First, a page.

It's easy to say X number of pitchers had a sub 4.50 ERA. How many of them had sustained success? 5? Certainly less than 10. Kazmir is hands down the best pitcher in the last 8 years to make his debut at an age younger than 22. Ankiel melted down. Willis is in a serious decline. Harden is oft injured. The Florida rotation of 2006 imploded in 2007, piling up injury after injury.

    It isn't that a player cannot be successful at a young age. It's that sustained success is unlikely. Injury is often the result of a young man with a young mind placed on a major league mound. The list of dramatic FAILURES is more depressing than anything else. Ankiel looked like a STUD. Carlos Hernandez looked like he could anchor a rotation. Who know what will happen with Florida's young pitchers.

    So why, if the washout rate is so high for pitchers 22 and younger should the Reds take a chance with the best prospects they have had on the mound since Tom Freaking Browning?
    Suck it up cupcake.

  12. #56
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    Re: What makes a good minor league system?

    Quote Originally Posted by dougdirt View Post
    Yet your 'scientific' method is nothing based on science. Its based on 'the reds can't develop talent and haven't over the last 20 years so they will continue to do so'. What you fail to see is that the coaches are different, the players are different and the ingredients are all different.
    you just don't understand the hypothesis, which is really quite simple: the Reds will continue to have severe developmental problems, particularly with pitchers and with guys that couldn't hit well when very young, until they hire a top developer with a great track record.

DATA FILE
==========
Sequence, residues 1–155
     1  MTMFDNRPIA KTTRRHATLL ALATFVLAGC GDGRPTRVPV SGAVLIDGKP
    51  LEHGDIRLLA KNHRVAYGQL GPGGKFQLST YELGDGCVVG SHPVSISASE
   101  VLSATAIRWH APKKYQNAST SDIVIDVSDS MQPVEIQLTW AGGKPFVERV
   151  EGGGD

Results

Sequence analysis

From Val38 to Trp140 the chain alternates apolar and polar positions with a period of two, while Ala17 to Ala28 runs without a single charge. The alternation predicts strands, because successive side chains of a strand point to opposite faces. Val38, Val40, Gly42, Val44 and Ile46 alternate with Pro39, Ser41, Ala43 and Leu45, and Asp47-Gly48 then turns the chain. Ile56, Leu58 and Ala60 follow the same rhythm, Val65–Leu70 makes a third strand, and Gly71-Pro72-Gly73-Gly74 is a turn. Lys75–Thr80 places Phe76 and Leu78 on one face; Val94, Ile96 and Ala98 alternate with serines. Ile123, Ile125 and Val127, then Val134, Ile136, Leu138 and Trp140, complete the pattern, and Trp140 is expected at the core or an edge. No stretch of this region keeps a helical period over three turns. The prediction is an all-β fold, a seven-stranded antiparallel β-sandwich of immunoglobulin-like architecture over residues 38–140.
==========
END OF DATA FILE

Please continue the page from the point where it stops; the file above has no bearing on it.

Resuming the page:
your fixation on this is getting a little weird. Let it go for now, sit back and watch. I'll be the first to be thrilled if it's wrong and if the Cycle of Stupid is finally broken.

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    Re: What makes a good minor league system?

    Quote Originally Posted by Mario-Rijo View Post
    I am assuming that you are calling Coffey the "Olive Garden", I don't know why but I digress...

    If that's the case I disagree with the latter, unless you are basing it on something unforeseen like injury or unless you see something in his mechanics that might cause an injury which I don't see but am no expert in. However he's proven to be one of if not the hardest worker on the team and he has the talent. And I believe he's also a lot stronger in his mental approach to the game than he is given credit for.

    Talent, Hard Work and Determination = a long career IMO.
    I hope so, because I like his story. But overweight RHPers, like short RHPers, don't tend to hang around very long.

    He lost a lot of weight as a teen to get himself this far. Hopefully he'll extend his career in the same way.

  14. #58
    The Boss dougdirt's Avatar
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    Re: What makes a good minor league system?

    Quote Originally Posted by princeton View Post
    you just don't understand the hypothesis, which is really quite simple: the Reds will continue to have severe developmental problems, particularly with pitchers and with guys that couldn't hit well when very young, until they hire a top developer with a great track record.

    your fixation on this is getting a little weird. Let it go for now, sit back and watch. I'll be the first to be thrilled if it's wrong and if the Cycle of Stupid is finally broken.
    When you stop making dumb comments about Yugo factories, then maybe I will let it go.

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    Re: What makes a good minor league system?

    Quote Originally Posted by dougdirt View Post
    When you stop making dumb comments about Yugo factories, then maybe I will let it go.

    listen to yourself. What you're doing isn't healthy. put me on ignore and give me a heads up about it so I won't respond to your posts.

  16. #60
    The Boss dougdirt's Avatar
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    Re: What makes a good minor league system?

    Quote Originally Posted by princeton View Post
    listen to yourself. What you're doing isn't healthy. put me on ignore and give me a heads up about it so I won't respond to your posts.
    The fact that I think your hypothesis is a bad one makes me unhealthy? Or is it the fact that I respond to something I disagree with that makes me unhealthy?